New coastal flood warning schemes launch in Scotland
SEPA warns future extreme weather could place around 169,000 people at risk of flooding by 2080.
New coastal flooding schemes have launched in Scotland in a bid to protect residents from the impact of extreme weather.
The Scottish Environment Protection Agency (SEPA) today announced 19 new flood warning systems - 11 covering Orkney and another eight covering the North East and Angus.
Ahead of the launch in Orkney, the agency warned that the consequences of climate change could place more than 169,000 homes and businesses in Scotland at risk of flooding by 2080.
"Scotland needs to be prepared more powerfully for weather extremes and rising sea levels, which as we know, is only ever-increasing as a result of climate change," said Vincent Fitzsimons, Head of Hydrology and Flooding Services at SEPA.
"As sea levels rise all around the UK coastline, it brings with it the risk of coastal erosion and more frequent flooding for Scotland's exposed coastal communities.
"The Orkney Islands are one of three regions particularly at risk from the impact of coastal flooding and SEPA has spent two years developing the new coastal warning scheme in close partnership with Orkney Island Council to provide a state of the art system which will deliver accurate, real time warnings to those who need it most."
Real time forecasts will provide emergency partners and first responders with detailed information on the impact of potential flooding from wave over-topping and tidal surges and offer direct notification via SEPA's Floodline service to residents who sign up to the service.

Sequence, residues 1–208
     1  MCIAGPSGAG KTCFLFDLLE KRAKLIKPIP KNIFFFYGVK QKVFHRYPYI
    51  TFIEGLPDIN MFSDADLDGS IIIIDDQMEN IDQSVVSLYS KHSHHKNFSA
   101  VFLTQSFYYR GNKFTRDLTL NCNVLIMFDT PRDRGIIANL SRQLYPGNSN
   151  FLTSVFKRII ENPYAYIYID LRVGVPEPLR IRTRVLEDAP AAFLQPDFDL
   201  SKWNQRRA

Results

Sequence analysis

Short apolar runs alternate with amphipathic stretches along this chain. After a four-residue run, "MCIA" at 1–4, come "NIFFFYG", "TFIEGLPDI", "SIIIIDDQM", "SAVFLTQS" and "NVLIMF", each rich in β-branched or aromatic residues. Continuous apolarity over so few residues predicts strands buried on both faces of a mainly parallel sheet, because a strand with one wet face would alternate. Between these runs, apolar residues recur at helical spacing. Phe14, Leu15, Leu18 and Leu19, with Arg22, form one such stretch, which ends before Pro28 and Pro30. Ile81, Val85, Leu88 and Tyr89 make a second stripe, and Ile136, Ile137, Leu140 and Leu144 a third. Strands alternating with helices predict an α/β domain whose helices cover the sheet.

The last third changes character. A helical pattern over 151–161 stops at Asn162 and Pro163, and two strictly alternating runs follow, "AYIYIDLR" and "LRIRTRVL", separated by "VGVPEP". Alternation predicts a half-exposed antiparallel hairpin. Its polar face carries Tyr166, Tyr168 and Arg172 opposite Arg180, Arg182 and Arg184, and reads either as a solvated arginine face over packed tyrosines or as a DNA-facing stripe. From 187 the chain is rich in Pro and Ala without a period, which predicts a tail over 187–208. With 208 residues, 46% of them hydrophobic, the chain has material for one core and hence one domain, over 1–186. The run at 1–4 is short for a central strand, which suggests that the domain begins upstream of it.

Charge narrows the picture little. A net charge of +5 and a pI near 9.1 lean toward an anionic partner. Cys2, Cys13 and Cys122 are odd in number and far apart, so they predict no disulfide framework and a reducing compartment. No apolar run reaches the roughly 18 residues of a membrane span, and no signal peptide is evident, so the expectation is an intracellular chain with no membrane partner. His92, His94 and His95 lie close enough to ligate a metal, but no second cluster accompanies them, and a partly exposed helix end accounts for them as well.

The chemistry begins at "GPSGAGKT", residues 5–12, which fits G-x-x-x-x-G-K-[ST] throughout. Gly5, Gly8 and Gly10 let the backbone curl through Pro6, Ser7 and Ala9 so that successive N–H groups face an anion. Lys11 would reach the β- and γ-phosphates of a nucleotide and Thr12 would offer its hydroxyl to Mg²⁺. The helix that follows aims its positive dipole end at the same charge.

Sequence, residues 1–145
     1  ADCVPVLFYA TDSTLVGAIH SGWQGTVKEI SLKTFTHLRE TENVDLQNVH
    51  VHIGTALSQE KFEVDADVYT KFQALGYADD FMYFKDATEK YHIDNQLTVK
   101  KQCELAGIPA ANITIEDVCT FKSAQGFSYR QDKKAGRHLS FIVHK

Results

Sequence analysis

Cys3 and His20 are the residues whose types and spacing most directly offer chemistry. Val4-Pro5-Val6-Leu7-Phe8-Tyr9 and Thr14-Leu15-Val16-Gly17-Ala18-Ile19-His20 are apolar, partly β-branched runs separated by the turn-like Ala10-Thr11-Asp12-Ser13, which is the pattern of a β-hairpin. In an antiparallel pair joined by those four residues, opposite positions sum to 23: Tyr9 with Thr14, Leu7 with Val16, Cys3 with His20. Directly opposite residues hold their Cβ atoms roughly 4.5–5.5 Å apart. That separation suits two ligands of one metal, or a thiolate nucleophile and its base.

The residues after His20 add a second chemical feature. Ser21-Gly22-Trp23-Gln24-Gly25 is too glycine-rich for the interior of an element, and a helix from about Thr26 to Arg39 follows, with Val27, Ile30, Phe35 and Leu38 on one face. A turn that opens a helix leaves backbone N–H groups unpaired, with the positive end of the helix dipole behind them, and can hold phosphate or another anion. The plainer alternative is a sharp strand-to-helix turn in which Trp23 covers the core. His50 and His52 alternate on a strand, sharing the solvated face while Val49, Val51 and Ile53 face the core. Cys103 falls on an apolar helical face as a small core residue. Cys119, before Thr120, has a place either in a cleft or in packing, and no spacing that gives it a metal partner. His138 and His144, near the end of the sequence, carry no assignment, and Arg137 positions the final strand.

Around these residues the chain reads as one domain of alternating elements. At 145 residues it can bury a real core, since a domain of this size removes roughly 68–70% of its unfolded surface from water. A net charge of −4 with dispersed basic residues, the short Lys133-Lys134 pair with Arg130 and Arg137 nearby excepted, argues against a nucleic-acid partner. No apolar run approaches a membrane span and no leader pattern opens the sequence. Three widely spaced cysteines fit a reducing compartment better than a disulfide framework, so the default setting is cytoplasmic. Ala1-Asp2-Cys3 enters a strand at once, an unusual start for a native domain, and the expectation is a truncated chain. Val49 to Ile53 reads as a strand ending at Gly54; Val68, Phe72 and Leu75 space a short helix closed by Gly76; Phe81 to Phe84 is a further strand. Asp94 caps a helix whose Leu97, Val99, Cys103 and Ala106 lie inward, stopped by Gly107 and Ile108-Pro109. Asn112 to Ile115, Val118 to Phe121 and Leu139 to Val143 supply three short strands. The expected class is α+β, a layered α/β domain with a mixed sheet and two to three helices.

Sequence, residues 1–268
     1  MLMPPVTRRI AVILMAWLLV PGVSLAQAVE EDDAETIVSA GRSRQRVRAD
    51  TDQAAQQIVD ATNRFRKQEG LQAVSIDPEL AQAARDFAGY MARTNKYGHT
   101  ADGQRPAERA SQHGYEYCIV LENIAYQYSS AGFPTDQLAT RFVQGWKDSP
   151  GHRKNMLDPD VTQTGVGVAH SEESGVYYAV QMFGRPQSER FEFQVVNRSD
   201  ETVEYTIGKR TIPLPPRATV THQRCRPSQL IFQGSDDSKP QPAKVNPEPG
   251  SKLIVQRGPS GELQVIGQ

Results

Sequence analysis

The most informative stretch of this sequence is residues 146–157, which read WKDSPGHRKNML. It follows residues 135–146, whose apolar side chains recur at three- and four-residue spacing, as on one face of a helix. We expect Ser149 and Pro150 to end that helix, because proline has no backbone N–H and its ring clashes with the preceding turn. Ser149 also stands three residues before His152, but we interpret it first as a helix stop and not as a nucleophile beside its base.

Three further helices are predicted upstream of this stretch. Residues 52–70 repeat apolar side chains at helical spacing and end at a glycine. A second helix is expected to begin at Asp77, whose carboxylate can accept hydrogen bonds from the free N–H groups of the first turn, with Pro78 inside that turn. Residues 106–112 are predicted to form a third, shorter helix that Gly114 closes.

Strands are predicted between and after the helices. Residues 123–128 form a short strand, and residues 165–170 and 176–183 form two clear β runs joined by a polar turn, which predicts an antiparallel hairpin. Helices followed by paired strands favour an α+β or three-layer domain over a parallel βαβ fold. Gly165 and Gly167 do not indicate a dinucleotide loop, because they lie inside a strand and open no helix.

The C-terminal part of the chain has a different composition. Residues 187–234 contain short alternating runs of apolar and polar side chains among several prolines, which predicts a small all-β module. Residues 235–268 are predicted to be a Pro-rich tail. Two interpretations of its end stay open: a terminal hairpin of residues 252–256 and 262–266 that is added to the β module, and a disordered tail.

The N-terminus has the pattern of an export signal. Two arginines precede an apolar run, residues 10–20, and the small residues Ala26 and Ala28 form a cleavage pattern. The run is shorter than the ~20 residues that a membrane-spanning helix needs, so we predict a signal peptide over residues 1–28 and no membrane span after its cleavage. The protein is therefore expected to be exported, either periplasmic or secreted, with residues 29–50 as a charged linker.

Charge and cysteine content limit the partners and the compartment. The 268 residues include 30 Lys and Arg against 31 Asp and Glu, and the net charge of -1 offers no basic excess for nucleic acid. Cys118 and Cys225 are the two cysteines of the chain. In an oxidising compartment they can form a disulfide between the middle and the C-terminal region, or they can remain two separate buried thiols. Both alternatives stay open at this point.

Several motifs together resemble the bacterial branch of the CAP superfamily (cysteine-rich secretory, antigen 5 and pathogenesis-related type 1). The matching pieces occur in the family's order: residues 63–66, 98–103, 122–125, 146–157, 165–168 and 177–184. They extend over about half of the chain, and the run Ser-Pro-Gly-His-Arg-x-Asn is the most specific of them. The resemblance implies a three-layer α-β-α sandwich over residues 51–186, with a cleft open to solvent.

Developed in close collaboration with flooding specialists from Orkney Island's Council and partner agencies within the Scottish Flood Forecasting Service, the new scheme uses 18 forecasting points to model coastal waters and the potential impact from elevated water levels on the most exposed communities and critical infrastructure.
It's welcome news for the area, which suffered from the impact of Storm Caroline in December 2017.
"Forewarned, is definitely forearmed" said, Sarah Taylor a resident of Stromness whose home was devastated in January 2005 by a sudden storm surge which left the ground floor of her sea front property under a metre of sea water.
"We didn't have time to save any belongings on the ground floor, including Christmas presents or the food from our freezer, the sea just rose up and filled the house," said Sarah.
"Advance warning will be very worthwhile because it gives you the ability to plan ahead, move your valuables out of harm's way
"We're very lucky that we have such a strong, supportive community around us - we help each other when the worst weather hits, and with a day or two's notice, it gives us ample time to check in on our more vulnerable locals and prepare for what might be coming."
The Orkney Island scheme is complemented by the activation of a further 8 warning areas between Inverallochy in Aberdeenshire and Montrose in Angus, along Scotland's tempestuous northeast coastline.
Environment Secretary Roseanna Cunningham said: "Scotland's climate is changing, and this means extreme weather events, including floods, are expected to occur more frequently in the years ahead. The Scottish Government realises that it's vital that we work alongside partners like SEPA and local authorities, to do everything in our powers to improve resilience against issues like flooding, in some of our most vulnerable communities.
"We have committed £420 million over 10 years to protect homes in many of Scotland's most flood-prone communities, in places like the Orkneys, and North East of Scotland.
"We know that we can't control the weather, but we can change how we respond to it. These coastal flood warning schemes provide an invaluable tool for doing that."